A wonderful time, a frustrating time -- to visit Southwest Africa and look for wildlife in four national parks [in Botswana, Nanmibia, Zimbabwe] which is what I've just done for two and a half weeks. Wonderful because it's spring and the animals have babies. Above are lion cubs and below is a baby elephant. We saw baby impala, giraffes, wildebeast, cape buffalo, zebra, baboons ... I'm probably forgetting some. Perhaps animal lovers all know this, in fact, perhaps I read it and forgot. The wonderful local guides/drivers explained that the animals, mostly herbivores that live in herds, especially, are synchronous in that the females go into estrus with a week or so of one another -- then the dominant male is VERY busy and possibly the many bachelor males have an opportunity too. Then all the babies are born within a week or so of one another. The herd stays around the babies, protecting them during the period when they are tiny and easy prey for the big cats, jackals, even the big eagles.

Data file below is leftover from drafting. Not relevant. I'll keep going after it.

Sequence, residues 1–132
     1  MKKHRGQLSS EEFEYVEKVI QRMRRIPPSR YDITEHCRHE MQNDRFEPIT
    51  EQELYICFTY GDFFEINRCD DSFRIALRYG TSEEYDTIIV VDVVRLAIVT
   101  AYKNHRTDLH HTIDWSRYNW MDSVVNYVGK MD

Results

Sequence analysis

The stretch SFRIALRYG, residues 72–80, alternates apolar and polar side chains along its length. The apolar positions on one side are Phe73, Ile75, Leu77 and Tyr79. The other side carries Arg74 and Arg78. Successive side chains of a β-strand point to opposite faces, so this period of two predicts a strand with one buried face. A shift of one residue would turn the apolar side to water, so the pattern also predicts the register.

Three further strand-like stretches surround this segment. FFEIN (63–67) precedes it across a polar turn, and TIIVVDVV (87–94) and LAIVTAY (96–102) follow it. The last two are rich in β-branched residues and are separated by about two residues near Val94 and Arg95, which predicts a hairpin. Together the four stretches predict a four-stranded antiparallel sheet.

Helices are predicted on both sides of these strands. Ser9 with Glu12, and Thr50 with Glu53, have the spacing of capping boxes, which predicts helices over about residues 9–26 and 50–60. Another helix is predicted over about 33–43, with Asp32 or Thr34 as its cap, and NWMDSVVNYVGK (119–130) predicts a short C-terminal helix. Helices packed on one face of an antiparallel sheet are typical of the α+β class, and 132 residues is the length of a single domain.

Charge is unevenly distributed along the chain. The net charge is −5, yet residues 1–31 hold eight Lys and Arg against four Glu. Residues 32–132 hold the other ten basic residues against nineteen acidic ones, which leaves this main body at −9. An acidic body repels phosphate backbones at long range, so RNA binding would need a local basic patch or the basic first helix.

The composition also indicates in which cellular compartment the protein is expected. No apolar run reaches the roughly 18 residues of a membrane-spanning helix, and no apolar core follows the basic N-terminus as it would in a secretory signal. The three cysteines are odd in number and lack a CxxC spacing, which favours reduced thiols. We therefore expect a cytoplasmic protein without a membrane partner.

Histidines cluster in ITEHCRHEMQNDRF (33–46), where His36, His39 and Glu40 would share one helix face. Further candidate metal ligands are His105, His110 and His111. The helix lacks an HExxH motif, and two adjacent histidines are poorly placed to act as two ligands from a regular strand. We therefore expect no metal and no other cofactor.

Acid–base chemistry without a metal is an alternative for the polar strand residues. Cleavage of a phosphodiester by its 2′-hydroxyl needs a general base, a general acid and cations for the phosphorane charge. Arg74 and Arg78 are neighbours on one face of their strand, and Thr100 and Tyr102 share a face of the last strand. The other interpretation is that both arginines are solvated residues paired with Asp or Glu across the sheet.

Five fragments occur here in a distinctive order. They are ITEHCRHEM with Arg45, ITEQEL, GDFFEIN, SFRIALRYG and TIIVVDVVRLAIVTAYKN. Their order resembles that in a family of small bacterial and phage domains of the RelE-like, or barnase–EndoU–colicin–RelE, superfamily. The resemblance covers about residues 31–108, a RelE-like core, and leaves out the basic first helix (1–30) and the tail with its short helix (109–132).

Because it is spring, and the rainy season babies were in every herd/ They were darling to see, most less than a month old but capable of leaping or running. Baby baboons clung to their mothers. All the babies had moments of sheer play. Also because it is spring the grass is very green, abundant, and some kinds are very tall. This is wonderful for the animals to hide in, both prey and preyed upon -- and we humans have a hard time finding them.